Secret Cities

I meant to write this up a few weeks ago, but, as is the case with most ideas, I forgot about it. But now I'm here some three weeks later and I'm still listening to Pink Graffiti.

Pink Graffiti is the debut album from Fargo, North Dakota's Secret Cities. It combines orchestral bombast (think Arcade Fire's "Intervention") with soft intimacy that immediately evokes the Microphones (in my mind, at least).

The thing about Pink Graffiti that grabs me most, though, is how much texture and geography they infuse into such soft-spoken medleys. For most people, I assume, Fargo may as well be the entire northern crust of land between the Mississippi River and the Rocky Mountains; and Pink Graffiti feels like it covers that same distance. And when it's on, it matches the filthy honesty of such barren land. But when it's off, it tries to shy away in a sonic niche that doesn't lend many roofs to hide under.

Secret Cities are a young group, though, and it shows. The church-choir chorus on "Slacker" sounds too Hallmark-y, like it was ripped straight from the church scene in "Home Alone" (visually, at least—I know they weren't singing this song). I think what bothers me most about it is not the sympathetic predictability of the melody, rather the unsettling dichotomy between the message and the presentation. Pink Graffiti is about a lot of things (remember, sprawling geography), but mostly it covers raw, exposed wounds. It's abandoned and clawing its way out, and the religious imagery they evoke seems like a scapegoat. Confronting problems on our own is what we're here for, and it feels like we're getting rick-rolled when we're deferred to a robed choir.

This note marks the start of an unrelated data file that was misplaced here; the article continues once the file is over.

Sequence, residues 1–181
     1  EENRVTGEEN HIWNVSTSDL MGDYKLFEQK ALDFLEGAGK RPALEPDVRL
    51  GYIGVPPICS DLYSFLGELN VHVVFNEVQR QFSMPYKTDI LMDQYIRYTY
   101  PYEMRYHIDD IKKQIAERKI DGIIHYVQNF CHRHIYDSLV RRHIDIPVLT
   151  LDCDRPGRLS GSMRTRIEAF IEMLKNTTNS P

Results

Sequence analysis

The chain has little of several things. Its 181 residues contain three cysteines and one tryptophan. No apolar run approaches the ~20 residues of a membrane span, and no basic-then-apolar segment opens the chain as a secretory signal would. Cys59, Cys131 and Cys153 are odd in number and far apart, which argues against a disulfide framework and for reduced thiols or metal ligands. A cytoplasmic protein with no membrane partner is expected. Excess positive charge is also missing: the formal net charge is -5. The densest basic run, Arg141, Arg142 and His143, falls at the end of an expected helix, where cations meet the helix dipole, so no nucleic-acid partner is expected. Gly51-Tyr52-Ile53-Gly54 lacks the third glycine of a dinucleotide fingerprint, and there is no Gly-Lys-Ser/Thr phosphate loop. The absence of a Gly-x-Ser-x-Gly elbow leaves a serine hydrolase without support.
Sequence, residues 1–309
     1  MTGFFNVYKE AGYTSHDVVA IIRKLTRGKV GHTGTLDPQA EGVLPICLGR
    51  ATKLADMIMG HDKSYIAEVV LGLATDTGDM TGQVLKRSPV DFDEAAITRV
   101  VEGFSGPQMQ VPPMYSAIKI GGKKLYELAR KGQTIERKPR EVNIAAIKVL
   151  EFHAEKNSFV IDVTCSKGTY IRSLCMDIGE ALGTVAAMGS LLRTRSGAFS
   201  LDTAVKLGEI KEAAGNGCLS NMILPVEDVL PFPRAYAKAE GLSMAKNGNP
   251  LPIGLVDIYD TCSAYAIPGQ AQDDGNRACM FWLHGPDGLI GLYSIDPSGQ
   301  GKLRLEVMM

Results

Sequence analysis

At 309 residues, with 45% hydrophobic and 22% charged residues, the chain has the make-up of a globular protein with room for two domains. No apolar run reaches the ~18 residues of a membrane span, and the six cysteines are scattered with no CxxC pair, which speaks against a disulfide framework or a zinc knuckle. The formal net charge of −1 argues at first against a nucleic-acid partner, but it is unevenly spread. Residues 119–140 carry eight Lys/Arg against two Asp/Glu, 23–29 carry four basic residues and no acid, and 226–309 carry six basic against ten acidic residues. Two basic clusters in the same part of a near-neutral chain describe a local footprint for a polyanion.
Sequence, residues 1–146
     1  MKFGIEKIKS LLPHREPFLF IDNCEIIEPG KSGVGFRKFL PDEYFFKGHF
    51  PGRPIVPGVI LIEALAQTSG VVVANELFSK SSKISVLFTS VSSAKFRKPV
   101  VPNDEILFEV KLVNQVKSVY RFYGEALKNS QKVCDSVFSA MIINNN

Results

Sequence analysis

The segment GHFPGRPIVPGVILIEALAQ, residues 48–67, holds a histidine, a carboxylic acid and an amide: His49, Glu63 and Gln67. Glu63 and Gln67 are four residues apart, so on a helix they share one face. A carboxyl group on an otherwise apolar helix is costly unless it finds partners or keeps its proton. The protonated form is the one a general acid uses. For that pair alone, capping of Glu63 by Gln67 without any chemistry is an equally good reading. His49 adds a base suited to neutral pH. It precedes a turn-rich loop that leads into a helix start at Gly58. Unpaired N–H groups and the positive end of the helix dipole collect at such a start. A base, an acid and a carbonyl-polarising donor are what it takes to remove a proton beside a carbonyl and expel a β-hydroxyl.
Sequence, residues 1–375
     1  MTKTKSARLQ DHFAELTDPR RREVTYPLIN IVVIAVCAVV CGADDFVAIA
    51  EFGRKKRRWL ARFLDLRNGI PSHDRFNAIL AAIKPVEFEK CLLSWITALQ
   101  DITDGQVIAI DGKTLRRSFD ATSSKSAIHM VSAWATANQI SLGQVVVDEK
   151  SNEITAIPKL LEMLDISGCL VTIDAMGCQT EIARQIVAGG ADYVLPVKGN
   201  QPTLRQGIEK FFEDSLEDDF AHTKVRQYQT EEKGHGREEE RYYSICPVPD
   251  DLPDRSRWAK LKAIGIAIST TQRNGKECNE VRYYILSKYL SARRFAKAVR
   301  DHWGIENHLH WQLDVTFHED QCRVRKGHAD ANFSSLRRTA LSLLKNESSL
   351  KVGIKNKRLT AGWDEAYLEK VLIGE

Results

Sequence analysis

Yet, there's a point in "Pink Graffiti pt. 2" when the church-choir hums along only to set the stage for the icy, direct chorus. The ascending lead sounds desperate, tarred and remote; and I think that's the whole point of this album. The sprawled arrangements and sloping arcs are all very interesting, but that kind of brutal honesty is what an album like Pink Graffiti thrives on.

Like I said, Pink Graffiti is an awesome debut (it's stuck around for over a month, remember); and those spineless confessionals are few. But they are enough to stall the pace on a record that depends so much on its ability to carry.

Indeed, much of this album sounds like it was strummed out to act as a vehicle for conversation on a late summer night. We're all among friends, and it sounds like they've got some pretty major issues eating at their skin—and in North Dakota, who doesn't? So if we're not talking about baseball, they'd better stop pussy-footing around.

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